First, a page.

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Thursday Potpurri: Celebrations of All Kinds and Description

Newly-elected leader of the federal NPD speaks to the party's enthusiastic Vancouver supporters, in a speech given at The Imperial on Main, Wednesday night, November 1st

Young, energetic, articulate and clearly very bright, self-assured yet humble, charismatic, caring, Canada's first non-white federal leader, representing generational change, fearless, embraced by NDP party activists across the land, hopeful, thoughtful and decidedly not halting in his speech, necessarily possessed of a clear sense of social-justice goals based on egalitarian principles, a dapper young politician who currently represents an urban, ethnically mixed riding in the Ontario legislature and — maybe, just maybe — Canada's next Prime Minister, Jagmeet (pronounced Jugmeet) Singh made his way to Vancouver on Wednesday evening, introduced by NDP stalwart Constance Barnes, for a meet-and-greet at The Imperial on Main with a cross-section of party supporters.

Celebration. Good cheer. Singh = much-need change for the better, for all.

More Celebration

My friends, neighbours and NDP compatriots Bill Tieleman and Shirley Ross celebrated their 25th wedding anniversary this week, for which event VanRamblings wishes them a heartfelt congratulations on lives well-lived, and loved, and the respect, admiration and love of your many friends.

Shirley Ross and Bill Tieleman celebrate their 25th wedding anniversary at Bishops RestaurantShirley Ross and Bill Tieleman celebrate their 25th wedding anniversary at Bishops

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More Cause for Celebration (on a somewhat less salutary note)

What did we do before the advent of streaming video on Netflix? Were we actually truly living life without the ready access Netflix affords to 5600 movies of quality and 3500 TV shows, all for as little as $10 a month?

Dee Rees' award-winning Mudbound, starring Carey Mulligan, Jason Mitchel and Garrett HedlundDee Rees' Sundance winner, starring Garrett Hedlund, Jason Mitchell & Carey Mulligan

One of the best reviewed films of the year, a smash hit at the Sundance Film Festival way back in January, and fortuitous for ye, me and thee, as it is set for a day-and-date release — which is to say, Mudbound will be available both at your local multiplex and on Netflix — on Friday, Nov. 17th.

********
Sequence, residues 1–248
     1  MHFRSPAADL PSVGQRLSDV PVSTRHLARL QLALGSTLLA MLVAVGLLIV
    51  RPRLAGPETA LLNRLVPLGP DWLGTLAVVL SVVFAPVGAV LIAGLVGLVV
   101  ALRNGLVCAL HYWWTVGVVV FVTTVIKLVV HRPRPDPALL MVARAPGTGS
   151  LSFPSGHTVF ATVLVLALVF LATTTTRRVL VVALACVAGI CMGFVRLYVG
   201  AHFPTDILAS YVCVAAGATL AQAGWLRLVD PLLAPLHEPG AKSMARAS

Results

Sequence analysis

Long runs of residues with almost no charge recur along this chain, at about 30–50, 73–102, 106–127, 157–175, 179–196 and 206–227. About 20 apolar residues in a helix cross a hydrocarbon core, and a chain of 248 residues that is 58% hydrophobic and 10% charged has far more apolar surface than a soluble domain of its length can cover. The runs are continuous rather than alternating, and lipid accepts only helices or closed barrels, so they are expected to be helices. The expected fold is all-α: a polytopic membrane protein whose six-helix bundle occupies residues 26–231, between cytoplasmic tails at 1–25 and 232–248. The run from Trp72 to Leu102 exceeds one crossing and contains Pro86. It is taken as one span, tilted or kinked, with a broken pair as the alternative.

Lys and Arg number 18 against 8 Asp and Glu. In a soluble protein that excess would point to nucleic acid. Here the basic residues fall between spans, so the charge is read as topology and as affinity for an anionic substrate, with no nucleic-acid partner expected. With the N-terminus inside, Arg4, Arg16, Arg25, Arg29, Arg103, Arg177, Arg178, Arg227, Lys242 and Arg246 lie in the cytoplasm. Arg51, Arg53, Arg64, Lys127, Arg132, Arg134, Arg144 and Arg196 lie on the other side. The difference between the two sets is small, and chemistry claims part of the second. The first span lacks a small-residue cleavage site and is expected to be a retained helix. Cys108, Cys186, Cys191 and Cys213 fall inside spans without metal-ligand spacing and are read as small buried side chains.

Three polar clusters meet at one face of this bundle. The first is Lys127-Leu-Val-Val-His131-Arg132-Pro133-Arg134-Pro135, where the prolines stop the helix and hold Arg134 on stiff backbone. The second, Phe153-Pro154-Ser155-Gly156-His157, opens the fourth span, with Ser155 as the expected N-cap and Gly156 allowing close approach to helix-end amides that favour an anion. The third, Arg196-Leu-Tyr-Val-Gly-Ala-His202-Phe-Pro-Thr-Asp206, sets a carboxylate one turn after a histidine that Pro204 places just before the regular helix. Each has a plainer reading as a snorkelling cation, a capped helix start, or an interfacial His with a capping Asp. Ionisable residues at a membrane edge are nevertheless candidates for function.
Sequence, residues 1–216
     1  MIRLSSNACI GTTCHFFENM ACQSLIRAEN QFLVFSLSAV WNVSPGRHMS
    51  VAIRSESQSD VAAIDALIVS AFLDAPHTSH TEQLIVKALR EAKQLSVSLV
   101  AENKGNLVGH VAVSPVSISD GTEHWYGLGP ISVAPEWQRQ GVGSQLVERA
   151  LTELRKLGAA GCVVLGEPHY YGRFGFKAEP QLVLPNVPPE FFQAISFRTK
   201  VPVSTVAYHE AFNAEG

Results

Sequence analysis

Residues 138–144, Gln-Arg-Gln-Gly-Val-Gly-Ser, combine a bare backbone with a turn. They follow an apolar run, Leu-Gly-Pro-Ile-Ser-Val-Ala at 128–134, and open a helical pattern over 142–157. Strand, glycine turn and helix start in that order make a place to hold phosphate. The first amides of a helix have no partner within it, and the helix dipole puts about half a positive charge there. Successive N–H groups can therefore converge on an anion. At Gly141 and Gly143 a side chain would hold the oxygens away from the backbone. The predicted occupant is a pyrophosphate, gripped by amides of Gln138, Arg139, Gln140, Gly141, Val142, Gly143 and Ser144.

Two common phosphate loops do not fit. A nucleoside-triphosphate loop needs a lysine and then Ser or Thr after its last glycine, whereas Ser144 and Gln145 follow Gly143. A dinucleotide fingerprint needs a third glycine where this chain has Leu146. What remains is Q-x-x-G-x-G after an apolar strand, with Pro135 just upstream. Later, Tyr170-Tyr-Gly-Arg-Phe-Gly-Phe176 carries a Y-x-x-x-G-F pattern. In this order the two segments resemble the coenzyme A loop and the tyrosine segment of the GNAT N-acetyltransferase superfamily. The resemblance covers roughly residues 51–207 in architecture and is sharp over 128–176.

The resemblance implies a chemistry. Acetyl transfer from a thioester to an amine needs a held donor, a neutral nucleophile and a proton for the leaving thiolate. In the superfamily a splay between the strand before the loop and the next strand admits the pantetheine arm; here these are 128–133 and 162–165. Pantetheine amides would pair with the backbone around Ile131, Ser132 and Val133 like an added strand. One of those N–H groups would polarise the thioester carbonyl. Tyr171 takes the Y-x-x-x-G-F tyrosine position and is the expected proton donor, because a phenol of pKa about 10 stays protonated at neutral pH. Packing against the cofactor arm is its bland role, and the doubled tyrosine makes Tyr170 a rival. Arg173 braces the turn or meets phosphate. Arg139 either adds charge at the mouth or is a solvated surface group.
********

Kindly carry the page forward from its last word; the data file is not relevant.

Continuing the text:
Otherwise, there's Godless — a 7-episode oater from Oscar winning director Steven Soderbergh, set in 1880s La Belle, New Mexico, a town mysteriously made up entirely of women. Stars Downton Abbey's Michelle Dockery, Jeff Daniels, Jack O'Connell, Scott McNairy and a cast of hundreds.

Or, how about the fifth and final season of the peerlessly involving Longmire television series. Or, Birdman or (The Unexpected Virtue of Ignorance), Alejandro Gonzàlez Iñàrritu's 2015 multiple Oscar winner. Or, Logan — another in the Marvel Wolverine series, which sees Hugh Jackman reprising his signature role. Or Gold, starring a less than hirsute Matthew McConaughey, which proves to be a surprisingly involving watch.

Then there's the début of Spike Lee's update of 1986's She's Gotta Have It. Should you watch the New to Netflix in November video above, you'll find much, much more on offer from Netflix in the month of November.

Final tip: if you haven't watched Kornél Mundruczó's 2014 Cannes' Un Certain Regard award-winning masterpiece, White God (VanRamblings' favourite film this decade), you oughta. The Los Angeles Times says ...

This small, touching fable about a girl and her dog becomes an adrenaline-pumping thriller about animals against humans in Hungarian filmmaker Kornél Mundruczó's exhilarating radicalization allegory White God. By turns Dickensian, Marxist and dystopian, it's a movie as deliriously unclassifiable as it is expertly focused in its desire to provoke and entertain.

The films opens with beautifully dreamlike shots of 13-year-old Lili bicycling down the empty streets of Budapest until scores of dogs careen around a corner, their bodies in full, magnificent motion. Are they following her? Or chasing her? By the time Mundruczó returns to that scene as something literal, it's a powerful, pure-cinema reminder that the iconography of freedom and uprising needn't only belong to humans.

And, yes, White God is on Netflix — you'll want to add it to your list now.



Posted by Raymond Tomlin at November 2, 2017 4:20 AM in VanRamblings

   

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